One of the most interesting — and so far least discussed — aspects of Zendesk's recent launch of its Sunshine CRM platform is the way that it is built on Amazon Web Services (AWS). This is an example of a new class of enterprise application platforms I see emerging that are built on a serverless architecture. This is a big move by Zendesk, and one that points to larger trends in the evolution of the enterprise CRM space.
First let me fill in some details. Zendesk is a fast-growing SaaS vendor specializing in customer service and support ticketing. Founded in 2007, it's now established as an up-and-coming competitor against Salesforce Service Cloud in the midmarket, with $600m in annual revenues and more than 125,000 customers, from Airbnb and Rovio to Stanley Black & Decker and Tesco. Its core Zendesk Support offering is a popular choice among digital businesses and others with sizeable customer service teams who need a modern, flexible, customer support and ticketing solution.
Expanding Zendesk's CRM reach
At its annual conference held last November in San Francisco, the company made three announcements to expand its reach into new territory within the CRM space:
- Zendesk Sell — marking Zendesk's entry into the sales force automation (SFA) market, Sell is the product formerly known as Base, which Zendesk acquired in September. An easy-to-use, mobile-first SFA tool with an existing global customer base of 5,000 small-to-medium-size businesses, ZenDesk Sell already has close integration into the core Zendesk Support product, and is to be integrated into the Sunshine platform.
- Zendesk Explore — adding data analytics into the Zendesk family, Explore brings data together from within and outside of Zendesk to help teams monitor and improve the customer experience. It provides pre-built and custom reports that are easy to share with colleagues across the business.
- Sunshine — the new CRM platform that ultimately brings all this together, Sunshine is built on Amazon Web Services infrastructure and opens up Zendesk's underlying data model and event model for connection using the AWS environment. It is able to use AWS services to connect to other data sources, and businesses can build their own applications on AWS that work with Sunshine data and events.
Built on AWS services
As I found out in conversation with Zendesk's VP of Product Sam Boonin a few weeks after the launch, Sunshine was born out of Zendesk's own journey to migrate its SaaS infrastructure to AWS. This wasn't a straight 'lift-and-shift' of the existing code onto Amazon servers, he says. Instead of building its own data store, event bus and analytics tooling, Zendesk made full use of AWS services such as the Aurora database, Lambda serverless functions and Kinesis data streaming and analytics. That led to the decision to launch Sunshine, he explains:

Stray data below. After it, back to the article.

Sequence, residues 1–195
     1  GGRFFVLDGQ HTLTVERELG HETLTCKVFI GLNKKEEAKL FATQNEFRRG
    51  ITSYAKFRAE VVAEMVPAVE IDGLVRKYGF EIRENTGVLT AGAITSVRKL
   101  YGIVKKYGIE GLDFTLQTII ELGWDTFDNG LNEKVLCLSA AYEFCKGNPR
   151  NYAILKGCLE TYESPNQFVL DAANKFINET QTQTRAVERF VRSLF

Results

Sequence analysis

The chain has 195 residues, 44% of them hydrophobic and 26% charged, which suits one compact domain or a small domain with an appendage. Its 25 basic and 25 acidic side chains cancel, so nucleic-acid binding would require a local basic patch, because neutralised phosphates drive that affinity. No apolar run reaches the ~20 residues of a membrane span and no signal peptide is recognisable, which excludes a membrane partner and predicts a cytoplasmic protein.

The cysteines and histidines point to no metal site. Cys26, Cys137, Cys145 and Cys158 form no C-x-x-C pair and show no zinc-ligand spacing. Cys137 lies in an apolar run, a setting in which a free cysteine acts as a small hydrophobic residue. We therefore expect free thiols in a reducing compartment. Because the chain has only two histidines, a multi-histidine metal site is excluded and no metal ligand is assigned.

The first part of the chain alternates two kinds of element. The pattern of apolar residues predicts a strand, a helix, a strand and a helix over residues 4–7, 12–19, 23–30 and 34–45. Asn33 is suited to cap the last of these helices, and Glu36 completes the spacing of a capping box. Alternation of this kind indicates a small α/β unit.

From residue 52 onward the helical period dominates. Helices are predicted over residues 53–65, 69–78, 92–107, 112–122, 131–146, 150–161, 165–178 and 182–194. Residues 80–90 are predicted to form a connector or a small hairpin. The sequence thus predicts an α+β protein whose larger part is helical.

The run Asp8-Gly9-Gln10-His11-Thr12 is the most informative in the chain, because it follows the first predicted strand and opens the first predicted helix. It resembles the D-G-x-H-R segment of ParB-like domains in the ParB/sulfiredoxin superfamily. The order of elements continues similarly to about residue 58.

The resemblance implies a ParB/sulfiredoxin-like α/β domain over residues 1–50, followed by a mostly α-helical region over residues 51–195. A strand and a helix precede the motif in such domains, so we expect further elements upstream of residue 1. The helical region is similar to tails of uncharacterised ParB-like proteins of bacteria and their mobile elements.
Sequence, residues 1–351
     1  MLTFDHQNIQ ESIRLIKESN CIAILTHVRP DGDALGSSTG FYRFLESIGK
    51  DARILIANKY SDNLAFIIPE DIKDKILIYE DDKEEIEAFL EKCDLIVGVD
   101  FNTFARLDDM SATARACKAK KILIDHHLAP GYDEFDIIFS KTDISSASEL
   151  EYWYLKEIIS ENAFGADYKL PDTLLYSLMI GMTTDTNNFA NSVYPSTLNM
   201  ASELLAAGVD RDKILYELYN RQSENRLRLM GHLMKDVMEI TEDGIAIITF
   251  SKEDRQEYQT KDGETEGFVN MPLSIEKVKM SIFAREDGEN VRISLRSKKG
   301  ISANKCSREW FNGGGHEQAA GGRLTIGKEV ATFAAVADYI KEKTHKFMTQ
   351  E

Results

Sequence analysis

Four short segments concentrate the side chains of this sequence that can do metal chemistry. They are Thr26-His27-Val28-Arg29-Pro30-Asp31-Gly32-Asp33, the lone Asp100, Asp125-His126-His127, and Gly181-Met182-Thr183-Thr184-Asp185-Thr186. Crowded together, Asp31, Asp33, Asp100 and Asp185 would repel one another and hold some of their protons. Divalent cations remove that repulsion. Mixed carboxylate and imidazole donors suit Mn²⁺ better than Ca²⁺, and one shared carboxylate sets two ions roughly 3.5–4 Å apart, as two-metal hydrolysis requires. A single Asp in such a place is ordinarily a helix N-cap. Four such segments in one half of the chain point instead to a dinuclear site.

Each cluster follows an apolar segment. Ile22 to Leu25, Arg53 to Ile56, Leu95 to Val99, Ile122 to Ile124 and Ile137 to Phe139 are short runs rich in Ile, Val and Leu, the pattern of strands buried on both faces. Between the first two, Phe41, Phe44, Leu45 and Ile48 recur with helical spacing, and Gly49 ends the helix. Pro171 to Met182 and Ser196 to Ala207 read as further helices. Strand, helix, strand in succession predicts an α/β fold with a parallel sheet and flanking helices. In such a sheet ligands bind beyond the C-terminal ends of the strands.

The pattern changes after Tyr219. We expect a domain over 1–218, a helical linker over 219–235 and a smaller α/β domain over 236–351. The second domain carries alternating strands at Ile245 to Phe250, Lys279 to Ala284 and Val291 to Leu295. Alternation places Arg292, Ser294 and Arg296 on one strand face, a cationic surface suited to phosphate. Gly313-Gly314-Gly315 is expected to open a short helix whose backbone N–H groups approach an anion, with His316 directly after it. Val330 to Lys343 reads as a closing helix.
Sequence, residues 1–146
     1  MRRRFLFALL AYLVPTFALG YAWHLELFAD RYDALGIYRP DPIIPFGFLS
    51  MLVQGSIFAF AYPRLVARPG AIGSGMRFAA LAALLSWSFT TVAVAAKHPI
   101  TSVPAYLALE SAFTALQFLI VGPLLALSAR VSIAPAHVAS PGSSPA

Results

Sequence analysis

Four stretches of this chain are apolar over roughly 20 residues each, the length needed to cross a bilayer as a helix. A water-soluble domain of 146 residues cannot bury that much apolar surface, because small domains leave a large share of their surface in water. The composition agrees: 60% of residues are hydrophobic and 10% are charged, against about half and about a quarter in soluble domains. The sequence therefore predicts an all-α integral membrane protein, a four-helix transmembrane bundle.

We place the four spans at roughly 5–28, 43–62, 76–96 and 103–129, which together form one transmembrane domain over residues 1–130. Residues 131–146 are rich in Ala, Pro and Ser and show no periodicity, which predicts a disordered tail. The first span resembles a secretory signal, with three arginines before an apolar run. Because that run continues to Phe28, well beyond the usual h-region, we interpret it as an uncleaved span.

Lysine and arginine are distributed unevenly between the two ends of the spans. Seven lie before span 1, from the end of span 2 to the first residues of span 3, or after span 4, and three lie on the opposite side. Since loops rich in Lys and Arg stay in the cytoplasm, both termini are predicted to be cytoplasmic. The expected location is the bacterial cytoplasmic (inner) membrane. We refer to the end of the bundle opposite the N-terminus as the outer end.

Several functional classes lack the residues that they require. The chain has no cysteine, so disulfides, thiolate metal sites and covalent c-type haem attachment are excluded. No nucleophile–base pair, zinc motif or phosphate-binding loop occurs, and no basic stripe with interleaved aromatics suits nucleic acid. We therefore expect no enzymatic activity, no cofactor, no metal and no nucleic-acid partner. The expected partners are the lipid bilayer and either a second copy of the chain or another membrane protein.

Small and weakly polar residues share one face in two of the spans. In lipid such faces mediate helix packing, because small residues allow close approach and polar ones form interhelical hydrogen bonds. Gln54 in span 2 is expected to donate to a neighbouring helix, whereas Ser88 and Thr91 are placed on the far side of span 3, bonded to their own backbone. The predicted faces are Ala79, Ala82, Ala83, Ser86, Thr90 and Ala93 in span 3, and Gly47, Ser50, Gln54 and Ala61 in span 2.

One thing we realized is that [building on AWS] actually unlocked a lot of developer productivity for us ... We had this epiphany moment — why don't we offer that same flexibility to our own customers?
Sunshine connects natively with a raft of AWS services, including Kinesis, S3 data storage, the Redshift database, SageMaker machine learning, and Amazon Connect, AWS’s cloud-based contact center service. The data flows across a direct, secure, private AWS network connection.
Flowing in and out of Sunshine
This means that all the customer data in Sunshine, along with other data from the Zendesk applications such as knowledgebase content, usage metrics and agent productivity, sits on the same cloud platform where many businesses already run other digital products and systems. Data and events can flow freely between Zendesk and other AWS endpoints — with no rate limits, adds Boonin, in a sly dig at Salesforce, which restricts data flows into and out of its cloud platform. It's important to customers to enable this integration in an open way, he explains:
Customers want to remove the friction of having to integrate into us.
The Sunshine data platform has three elements. Profiles hold a single, unified view of each customer. Events capture customer activity in a historical timeline — anything from customer service interactions and website visits to purchase transactions and shipping history. Custom objects allow companies to bring in useful information from other systems, such as products owned, equipment rented, or data streamed from connected products and sensors.